Sunday, March 29, 2015
Release Date: October 7, 2014
Reviewed By WC
Rating: 4 Stars⭐️⭐️⭐️⭐️
About the Book: The Old Testament Comes to Thrilling Life in the Latest from Lynn Austin
In one life-changing moment, the lives of the Jewish exiles in Babylon are thrown into confusion and despair when a decree arrives from the king's palace in Susa. It calls for the annihilation of every Jewish man, woman, and child throughout the empire on the thirteenth day of Adar, in less than one year. Ezra, a quiet Jewish scholar and teacher, is suddenly called upon to lead the community as they seek God for a reason for this catastrophe. When a second decree arrives, authorizing them to fight back, Ezra is thrust into the role of military leader as they defend themselves against their enemies.
When the battles come to an end, Ezra's brother Jude is dead and Ezra is required by the Law he so diligently studies to marry Jude's widow, Devorah, and provide an heir. Fatherhood changes Ezra, and he asks God to make a way for him and the other exiles to leave Babylon for good and return to Jerusalem. His prayers are answered and the exiles move to Judea to revitalize worship at the temple--but the fight to keep God's Law is never easy. As more and more of his community are tempted, a new battle emerges...this one for the survival of God's covenant and the souls of His chosen faithful.
Predictability has its own savor. The outcome of this entertaining Christian novel is obvious from the beginning, but the predictability enhances this tale of Jewish captivity in Babylon in the 5th and 6th centuries.
The Persian takeover of the Babylonians opens a window of opportunity for the Jewish captives to return to Jerusalem. Through the benevolence of King Cyrus, 40,000 Jews under the leadership of Zerubbabel return to rebuild the temple.
However, many remnants remained in Babylon, and this is their story. Led by the priest Ezra, who initially shuns his calling to lead the Jews, this time to establish their homeland, they once again begin the long journey, encouraged by the prophets Haggai and Zachariah.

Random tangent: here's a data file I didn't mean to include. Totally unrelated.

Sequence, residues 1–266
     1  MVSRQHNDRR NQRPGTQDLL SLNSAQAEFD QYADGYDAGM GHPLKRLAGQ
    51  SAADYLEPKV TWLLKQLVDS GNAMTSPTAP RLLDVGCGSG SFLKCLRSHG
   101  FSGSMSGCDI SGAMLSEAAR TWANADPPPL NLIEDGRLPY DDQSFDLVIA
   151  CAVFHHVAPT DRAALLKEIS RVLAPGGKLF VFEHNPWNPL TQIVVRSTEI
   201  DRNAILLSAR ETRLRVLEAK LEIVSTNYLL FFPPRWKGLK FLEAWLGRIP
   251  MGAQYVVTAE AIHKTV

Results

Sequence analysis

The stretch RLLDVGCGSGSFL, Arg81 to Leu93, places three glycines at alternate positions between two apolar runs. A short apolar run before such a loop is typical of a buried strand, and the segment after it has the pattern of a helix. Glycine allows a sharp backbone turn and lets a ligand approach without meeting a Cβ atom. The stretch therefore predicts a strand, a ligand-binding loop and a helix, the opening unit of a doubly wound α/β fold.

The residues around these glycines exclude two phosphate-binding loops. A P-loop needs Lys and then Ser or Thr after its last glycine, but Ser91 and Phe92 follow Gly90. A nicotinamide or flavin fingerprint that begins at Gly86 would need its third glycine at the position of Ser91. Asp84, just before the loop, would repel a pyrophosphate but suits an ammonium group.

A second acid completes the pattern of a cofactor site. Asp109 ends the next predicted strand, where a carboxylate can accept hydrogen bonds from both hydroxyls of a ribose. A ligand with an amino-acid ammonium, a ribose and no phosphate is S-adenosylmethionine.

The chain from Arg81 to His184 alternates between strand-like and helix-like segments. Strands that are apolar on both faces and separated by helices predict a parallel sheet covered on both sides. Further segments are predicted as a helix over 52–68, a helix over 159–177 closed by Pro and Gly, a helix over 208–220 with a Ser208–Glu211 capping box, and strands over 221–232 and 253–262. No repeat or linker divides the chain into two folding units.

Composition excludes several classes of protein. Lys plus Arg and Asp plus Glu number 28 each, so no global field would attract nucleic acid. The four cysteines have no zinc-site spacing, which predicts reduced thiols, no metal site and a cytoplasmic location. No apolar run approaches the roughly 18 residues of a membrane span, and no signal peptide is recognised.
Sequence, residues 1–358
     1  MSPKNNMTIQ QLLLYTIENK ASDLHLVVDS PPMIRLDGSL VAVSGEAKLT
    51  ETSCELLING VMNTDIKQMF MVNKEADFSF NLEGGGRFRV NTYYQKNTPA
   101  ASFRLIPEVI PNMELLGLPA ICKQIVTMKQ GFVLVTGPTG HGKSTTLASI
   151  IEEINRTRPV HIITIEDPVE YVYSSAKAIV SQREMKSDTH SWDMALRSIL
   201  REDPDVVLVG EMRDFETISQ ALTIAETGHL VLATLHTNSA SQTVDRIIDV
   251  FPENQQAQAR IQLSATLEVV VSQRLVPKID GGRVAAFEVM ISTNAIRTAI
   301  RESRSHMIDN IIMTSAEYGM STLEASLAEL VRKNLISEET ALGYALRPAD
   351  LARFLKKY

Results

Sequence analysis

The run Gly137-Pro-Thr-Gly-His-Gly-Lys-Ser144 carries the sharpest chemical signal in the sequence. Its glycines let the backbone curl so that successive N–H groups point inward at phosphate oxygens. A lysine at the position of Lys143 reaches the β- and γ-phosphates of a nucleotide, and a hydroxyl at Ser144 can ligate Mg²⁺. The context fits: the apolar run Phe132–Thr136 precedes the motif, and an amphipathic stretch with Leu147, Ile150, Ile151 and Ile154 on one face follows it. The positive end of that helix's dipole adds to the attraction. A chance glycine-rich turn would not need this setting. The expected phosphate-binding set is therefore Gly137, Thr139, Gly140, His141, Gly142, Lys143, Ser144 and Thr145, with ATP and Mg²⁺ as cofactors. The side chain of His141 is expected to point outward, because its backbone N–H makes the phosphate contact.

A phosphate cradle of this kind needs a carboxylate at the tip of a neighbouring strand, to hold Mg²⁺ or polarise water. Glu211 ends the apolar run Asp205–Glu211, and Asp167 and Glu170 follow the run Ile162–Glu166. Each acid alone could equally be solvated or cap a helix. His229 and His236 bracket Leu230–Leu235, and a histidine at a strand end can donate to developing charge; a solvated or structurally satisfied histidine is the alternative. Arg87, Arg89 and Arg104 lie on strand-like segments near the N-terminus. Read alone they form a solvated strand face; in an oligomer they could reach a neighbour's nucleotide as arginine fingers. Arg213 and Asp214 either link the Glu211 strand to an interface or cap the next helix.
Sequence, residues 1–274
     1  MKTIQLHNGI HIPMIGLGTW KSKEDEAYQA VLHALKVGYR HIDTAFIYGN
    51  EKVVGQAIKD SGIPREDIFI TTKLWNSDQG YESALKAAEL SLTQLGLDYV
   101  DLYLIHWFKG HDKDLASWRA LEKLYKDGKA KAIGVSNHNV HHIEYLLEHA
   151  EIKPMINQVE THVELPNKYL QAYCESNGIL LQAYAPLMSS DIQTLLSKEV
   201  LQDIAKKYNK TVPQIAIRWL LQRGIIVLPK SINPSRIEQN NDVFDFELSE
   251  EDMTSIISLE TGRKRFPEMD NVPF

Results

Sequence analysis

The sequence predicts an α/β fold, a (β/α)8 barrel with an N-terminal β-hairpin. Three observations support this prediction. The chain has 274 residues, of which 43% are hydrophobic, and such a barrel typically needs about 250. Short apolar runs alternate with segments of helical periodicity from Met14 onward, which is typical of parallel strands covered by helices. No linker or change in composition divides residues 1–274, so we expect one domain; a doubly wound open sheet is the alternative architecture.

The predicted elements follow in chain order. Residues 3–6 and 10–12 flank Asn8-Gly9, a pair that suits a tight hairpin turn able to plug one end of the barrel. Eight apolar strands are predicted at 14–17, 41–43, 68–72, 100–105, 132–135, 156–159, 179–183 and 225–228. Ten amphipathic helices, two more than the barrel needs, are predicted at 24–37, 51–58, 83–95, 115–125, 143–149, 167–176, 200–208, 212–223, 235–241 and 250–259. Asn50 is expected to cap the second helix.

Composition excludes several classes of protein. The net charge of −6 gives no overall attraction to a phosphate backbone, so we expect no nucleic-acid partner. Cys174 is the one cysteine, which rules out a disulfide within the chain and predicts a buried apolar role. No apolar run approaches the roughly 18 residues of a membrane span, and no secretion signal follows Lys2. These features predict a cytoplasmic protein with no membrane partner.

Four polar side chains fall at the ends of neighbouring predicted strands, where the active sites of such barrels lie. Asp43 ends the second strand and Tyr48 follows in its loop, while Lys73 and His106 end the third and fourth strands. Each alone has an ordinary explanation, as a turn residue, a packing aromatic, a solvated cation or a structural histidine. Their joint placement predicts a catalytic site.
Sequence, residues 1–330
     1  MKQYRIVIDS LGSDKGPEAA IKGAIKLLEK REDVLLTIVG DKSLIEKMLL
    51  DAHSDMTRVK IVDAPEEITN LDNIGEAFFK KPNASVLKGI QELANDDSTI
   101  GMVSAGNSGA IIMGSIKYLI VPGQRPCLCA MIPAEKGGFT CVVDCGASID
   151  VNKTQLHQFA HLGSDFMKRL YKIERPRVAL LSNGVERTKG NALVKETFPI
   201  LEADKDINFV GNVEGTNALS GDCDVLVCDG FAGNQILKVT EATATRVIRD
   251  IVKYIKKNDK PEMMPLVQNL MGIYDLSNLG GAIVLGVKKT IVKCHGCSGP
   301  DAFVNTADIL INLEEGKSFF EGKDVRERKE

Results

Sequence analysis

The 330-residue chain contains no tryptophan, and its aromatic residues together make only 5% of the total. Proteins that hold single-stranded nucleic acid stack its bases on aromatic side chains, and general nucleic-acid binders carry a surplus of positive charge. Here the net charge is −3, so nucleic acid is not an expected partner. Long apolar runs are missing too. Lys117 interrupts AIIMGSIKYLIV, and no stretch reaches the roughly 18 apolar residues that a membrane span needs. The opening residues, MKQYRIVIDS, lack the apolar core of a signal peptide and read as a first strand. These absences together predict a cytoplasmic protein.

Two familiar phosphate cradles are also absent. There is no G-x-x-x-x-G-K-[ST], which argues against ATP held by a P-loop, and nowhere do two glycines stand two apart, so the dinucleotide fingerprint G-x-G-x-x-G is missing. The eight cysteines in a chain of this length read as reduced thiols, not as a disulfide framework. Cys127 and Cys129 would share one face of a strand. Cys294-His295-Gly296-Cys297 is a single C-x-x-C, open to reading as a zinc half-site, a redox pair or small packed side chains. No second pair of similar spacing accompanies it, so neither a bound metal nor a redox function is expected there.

There are an abundance of leading characters, each with his own strengths and weaknesses. Interestingly, more than one strong woman plays a dominant role in motivating others to believe and act according to God's law.
About the Author:
Release Date: 2/2014
Genre: YA/ Contemporary Fiction
Rating: 5 Stars⭐️⭐️⭐️⭐️⭐️
About the Book: Aria's life is full of secrets--secrets about her mother's death, her father's cruelty, and her dream to go to Juilliard. When Aria meets Thomas, he draws out her secrets, captures her heart, and gives her the courage to defy her father. But when tragedy strikes and Thomas disappears, Aria is left alone to transform her broken heart's melody into something beautiful. Porcelain Keys is a captivating love story that will resonate long after the last page is turned.
Wanda's Thoughts: The author combines the strong dynamics of family relationships, a young love that blooms, an abusive father, and a gifted musician. This is a story that puts life into perspective with a strong theme of forgiveness. You will surrender your heart to the endearing characters, and the writer’s style is simply inviting and superb.